Happiness has been a concern of psychology and public policy since Seligman’s work at least, and the development of new orientations in psychology studying not human problems, but human thriving is just one of the remarkable signs that psychology as a field of science is flourishing. It’s an exciting time to be a psychologist as we see applications of psychology range from long term illness to organizational innovation, child development and human happiness.

The field of psychology has recently seen the emergence of sub-fields like Community Psychology, Positive Psychology and other specialisms, working on human strengths and human flourishing…so seeking strengthen, not problematize, ordinary lives.

The advent of scientifically sound research on this has given impetus to policy developments at national and international level that what we need to do as health systems and communities is help people thrive. With this comes the well-researched insight that population mental wellbeing and resilience is important. This has seen expressions in the last few years (all with good evidence base) ranging from the 5 ways to wellbeing (New Economics Foundation) to the recent Government Strategy no health without mental health and the Royal College of Psychiatrists no health without public mental health.

Doing this practically can often seem to be easier said than done, but there have been a number of practical initiatives run in local areas seeking to put these concepts into practice. Positive Psychology is taking off, and the accredited mental health first aid movement is just one example of how people can turn these insights into a series of programmes. Catholics have a series of demonstration projects and initiatives on mental health, wellbeing and dementia in the Catholic Mental Health Project

But now comes a timely and sensible intervention for faith communities. John Bingham, writing in the news and religion section of today’s Daily Telegraph, tells the story of how Livability, the disability charity with a Christian ethos, is busy rolling out a “happiness” course in parishes and churches across the Country.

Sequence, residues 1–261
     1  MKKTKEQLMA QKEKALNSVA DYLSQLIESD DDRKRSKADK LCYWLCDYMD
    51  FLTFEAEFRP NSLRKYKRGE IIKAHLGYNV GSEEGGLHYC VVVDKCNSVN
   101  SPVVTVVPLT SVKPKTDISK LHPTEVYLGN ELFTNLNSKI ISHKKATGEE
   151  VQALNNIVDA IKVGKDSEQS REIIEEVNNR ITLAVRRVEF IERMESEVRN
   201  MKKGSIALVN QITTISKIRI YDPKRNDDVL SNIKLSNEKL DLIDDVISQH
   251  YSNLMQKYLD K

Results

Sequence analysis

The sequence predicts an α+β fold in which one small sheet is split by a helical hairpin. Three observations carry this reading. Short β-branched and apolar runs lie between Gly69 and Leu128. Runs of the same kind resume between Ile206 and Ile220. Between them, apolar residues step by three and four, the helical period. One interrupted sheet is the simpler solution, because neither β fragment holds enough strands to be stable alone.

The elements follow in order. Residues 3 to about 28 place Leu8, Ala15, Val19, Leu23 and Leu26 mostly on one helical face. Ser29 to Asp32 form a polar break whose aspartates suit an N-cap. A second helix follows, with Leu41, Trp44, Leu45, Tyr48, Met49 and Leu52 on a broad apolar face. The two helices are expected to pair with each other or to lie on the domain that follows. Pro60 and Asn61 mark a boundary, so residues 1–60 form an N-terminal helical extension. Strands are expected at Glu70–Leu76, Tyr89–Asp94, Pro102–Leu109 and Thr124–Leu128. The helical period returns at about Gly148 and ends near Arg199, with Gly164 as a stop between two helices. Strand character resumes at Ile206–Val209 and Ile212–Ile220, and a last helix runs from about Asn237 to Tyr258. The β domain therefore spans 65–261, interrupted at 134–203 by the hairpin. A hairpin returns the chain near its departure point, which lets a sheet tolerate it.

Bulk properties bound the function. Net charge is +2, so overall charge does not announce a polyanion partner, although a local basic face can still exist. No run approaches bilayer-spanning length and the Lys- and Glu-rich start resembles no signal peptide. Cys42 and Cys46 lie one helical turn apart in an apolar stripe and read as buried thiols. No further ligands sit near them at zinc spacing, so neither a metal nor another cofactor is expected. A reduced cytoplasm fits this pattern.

Bingham’s piece says “The so-called “Happiness Course” combines basic principles of secular popular psychology with ideas such as forgiveness and gratitude, promoted for centuries by Christianity. It is based on the principle that applying simple Biblical ideas such as “counting your blessings” or forgiving enemies could actively improve people’s psychological well-being.”

In fact, this is not secular popular psychology. This course has links to well researched psychological insight. What is different about positive psychology and the psychology of happiness is that there has been a significant impetus to popularize it while, for the most part, keeping faith with the underlying science.

Positive Psychology,  some of whose  insights the Livability course seems to derive from, is defined by the  Positive Psychology Center at the prestigious University of Pennsylvania as “the  scientific study of the strengths and virtues that enable individuals and communities to thrive. The field is founded on the belief that people want to lead meaningful and fulfilling lives, to cultivate what is best within themselves, and to enhance their experiences of love, work, and play.”

The interesting thing is that Livability are synthesising faith concepts about what makes a healthy and happy life with sound scientific psychology, and finding not only that there is no conflict but that they work well together.

This too has a practical value well-grounded in research. Studies of organizational culture and take-up of health messages show that when people can relate scientifically sound messages to their own belief systems, there is more likelihood the messages will be seen to be salient and the messages will not only be taken up but sustained.

The Livability course is a neat innovation in the field of practical or pastoral theology, and an equally neat innovation in the field of public mental health.

We need to see more of this.

Some useful links

http://www.livability.org.uk/

http://www.ppc.sas.upenn.edu/

http://www.telegraph.co.uk/news/religion/10064228/Archbishops-daughter-spearheads-drive-to-teach-happiness-in-churches.html

http://www.mentalhealthproject.co.uk/

http://positivepsychology.org.uk/